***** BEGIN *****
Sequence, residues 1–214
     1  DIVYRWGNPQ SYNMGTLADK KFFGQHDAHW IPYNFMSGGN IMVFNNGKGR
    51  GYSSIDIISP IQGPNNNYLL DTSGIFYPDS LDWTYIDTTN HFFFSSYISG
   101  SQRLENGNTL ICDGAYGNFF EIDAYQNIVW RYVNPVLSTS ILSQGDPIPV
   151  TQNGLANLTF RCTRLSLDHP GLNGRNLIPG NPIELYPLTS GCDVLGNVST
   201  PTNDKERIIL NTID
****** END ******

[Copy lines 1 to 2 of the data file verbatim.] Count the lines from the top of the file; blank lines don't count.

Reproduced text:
Sequence, residues 1–214
     1  DIVYRWGNPQ SYNMGTLADK KFFGQHDAHW IPYNFMSGGN IMVFNNGKGR